Romans 12:16



The Greek word hupselos appears 11 times in the pages of the NT writings. Luke 16:15 renders it "that which is highly esteemed." It refers here to an extremely high estimation of one's self, far exceeding "good self-esteem." Paul writes, "I say to every man among you not to think more highly of himself than he ought to think" (Romans 12:3).

The Greek word phroneo has already been discussed in #17 of this series. On two different occasions Paul combines these two Greek words -- hupselophroneo -- Romans 11:20 and I Timothy 6:17. It means "high-minded, conceited, overly proud, haughty."


"And seekest thou great things for thyself? Seek them not!" -- Jeremiah 45:5


"Where every man is eagerly seeking to force himself in front of his neighbor, any community will become a struggling mob" (Maclaren, p. 291).

"We are to avoid all pride and all snobbishness" (Barclay, p. 183).

"Nothing tends more to break that unity which has been mentioned, than when we elevate ourselves, and aspire to something higher, so that we may rise to a higher situation. Here then is condemned all ambition and that elation of mind which insinuates itself under the name of magnanimity" (Calvin, p. 470).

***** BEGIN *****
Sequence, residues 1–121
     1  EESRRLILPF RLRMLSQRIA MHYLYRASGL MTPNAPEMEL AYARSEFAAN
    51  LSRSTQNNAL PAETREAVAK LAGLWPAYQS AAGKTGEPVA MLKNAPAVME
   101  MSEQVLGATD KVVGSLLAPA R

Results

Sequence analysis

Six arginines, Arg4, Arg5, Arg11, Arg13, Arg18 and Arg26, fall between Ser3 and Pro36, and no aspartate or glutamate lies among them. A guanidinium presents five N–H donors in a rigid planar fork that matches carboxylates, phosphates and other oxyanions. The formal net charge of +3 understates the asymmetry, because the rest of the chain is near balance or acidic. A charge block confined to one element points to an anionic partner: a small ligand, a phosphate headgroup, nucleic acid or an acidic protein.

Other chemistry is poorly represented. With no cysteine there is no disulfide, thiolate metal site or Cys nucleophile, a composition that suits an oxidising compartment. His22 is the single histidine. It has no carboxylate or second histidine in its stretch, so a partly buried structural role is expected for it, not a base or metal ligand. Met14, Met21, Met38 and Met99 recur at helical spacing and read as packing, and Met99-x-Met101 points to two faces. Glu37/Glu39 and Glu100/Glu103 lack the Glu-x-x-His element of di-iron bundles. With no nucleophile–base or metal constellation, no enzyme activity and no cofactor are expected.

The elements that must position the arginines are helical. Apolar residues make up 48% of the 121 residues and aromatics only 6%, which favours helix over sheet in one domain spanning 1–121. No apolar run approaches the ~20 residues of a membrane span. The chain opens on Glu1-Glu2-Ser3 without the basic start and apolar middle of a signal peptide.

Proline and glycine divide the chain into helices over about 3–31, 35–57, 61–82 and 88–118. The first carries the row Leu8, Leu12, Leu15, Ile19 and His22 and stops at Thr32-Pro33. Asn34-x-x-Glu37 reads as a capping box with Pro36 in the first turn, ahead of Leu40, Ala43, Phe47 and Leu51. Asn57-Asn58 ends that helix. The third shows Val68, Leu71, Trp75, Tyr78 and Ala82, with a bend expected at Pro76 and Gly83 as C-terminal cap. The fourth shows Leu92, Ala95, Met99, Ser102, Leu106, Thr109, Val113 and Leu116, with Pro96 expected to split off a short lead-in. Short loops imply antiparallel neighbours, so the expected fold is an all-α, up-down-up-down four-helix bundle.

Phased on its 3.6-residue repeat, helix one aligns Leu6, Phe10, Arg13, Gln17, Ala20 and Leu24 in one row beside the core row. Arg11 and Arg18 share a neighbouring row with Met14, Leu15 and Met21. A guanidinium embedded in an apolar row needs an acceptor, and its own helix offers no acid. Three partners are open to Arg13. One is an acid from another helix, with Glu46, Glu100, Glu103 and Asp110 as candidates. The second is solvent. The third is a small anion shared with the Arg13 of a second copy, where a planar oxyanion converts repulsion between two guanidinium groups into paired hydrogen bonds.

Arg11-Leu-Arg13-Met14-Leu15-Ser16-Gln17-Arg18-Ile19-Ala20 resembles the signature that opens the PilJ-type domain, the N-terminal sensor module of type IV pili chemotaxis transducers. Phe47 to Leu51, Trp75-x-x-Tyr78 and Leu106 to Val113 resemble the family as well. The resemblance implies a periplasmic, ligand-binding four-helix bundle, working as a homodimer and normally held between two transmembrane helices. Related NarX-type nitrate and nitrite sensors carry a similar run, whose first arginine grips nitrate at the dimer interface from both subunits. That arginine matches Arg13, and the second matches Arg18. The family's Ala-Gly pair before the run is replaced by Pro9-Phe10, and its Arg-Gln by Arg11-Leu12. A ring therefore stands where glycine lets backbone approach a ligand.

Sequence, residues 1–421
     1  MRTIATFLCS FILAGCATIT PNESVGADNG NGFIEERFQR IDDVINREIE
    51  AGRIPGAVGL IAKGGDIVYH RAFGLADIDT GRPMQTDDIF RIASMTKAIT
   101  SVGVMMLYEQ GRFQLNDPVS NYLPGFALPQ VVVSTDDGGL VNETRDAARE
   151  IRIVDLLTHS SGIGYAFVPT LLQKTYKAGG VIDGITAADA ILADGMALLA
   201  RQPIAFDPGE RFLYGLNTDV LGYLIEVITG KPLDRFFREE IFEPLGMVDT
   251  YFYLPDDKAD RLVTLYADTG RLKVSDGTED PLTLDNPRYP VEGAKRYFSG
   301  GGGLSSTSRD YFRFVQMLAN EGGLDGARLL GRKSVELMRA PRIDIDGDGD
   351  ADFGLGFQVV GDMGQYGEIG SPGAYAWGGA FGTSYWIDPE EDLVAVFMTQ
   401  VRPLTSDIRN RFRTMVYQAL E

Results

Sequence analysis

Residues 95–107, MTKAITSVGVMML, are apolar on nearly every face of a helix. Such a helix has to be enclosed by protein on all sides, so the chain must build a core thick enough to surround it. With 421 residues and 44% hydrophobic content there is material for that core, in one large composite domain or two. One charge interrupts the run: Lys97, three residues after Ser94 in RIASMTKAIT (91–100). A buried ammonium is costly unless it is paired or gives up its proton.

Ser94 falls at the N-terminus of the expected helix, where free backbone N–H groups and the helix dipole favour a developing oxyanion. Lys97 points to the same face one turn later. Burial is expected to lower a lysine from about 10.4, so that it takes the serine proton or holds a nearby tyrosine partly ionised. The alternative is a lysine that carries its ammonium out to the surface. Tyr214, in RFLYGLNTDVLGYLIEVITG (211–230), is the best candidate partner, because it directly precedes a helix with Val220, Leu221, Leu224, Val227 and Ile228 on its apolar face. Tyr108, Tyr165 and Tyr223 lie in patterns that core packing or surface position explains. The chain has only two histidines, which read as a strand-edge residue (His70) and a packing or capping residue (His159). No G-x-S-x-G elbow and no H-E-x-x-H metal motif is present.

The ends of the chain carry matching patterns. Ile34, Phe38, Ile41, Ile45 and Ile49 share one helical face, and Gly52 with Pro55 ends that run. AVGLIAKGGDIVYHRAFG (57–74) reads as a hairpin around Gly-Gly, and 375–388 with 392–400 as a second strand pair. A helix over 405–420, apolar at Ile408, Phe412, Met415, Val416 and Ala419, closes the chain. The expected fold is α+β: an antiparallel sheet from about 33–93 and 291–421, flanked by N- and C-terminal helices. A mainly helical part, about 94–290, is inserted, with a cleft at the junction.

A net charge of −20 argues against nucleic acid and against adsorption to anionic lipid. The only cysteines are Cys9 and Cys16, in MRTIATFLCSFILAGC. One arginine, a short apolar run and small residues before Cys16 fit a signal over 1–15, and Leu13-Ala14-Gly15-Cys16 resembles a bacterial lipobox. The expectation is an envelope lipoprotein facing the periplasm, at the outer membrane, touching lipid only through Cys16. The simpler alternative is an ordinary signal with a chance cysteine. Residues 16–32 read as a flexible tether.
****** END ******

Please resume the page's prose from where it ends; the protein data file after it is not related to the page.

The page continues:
"....having its immediate application to that form of conceit which allows petty little human arrangements of a 'pecking order' among the sacred fellowship of the redeemed as the basis upon which some associations are cultivated, and others neglected" (Coffman, p. 439).

"Warns against the vanity that is the basis of snobbery" (Layman's, p. 1411).

"Set not your heart on high places, high life, high company; for much of these are hollow and insincere" (Lard, p. 392-93).

"Paul stresses the necessity of rejecting the temptation to think high thoughts about oneself, as though one were a superior breed of Christian, and of coming down off the perch of isolation and mingling with" others (Expos. Comm., p. 134).

"Selfish ambition in the church is fatal to perfect mutual consideration" (Expos. Greek, p. 693).

"The attachment to high things and high men is the vice of little, shallow minds. However, it argues one important fact, that such persons are conscious that they are of no worth and of no consequence in themselves!" (Clarke, p. 141).

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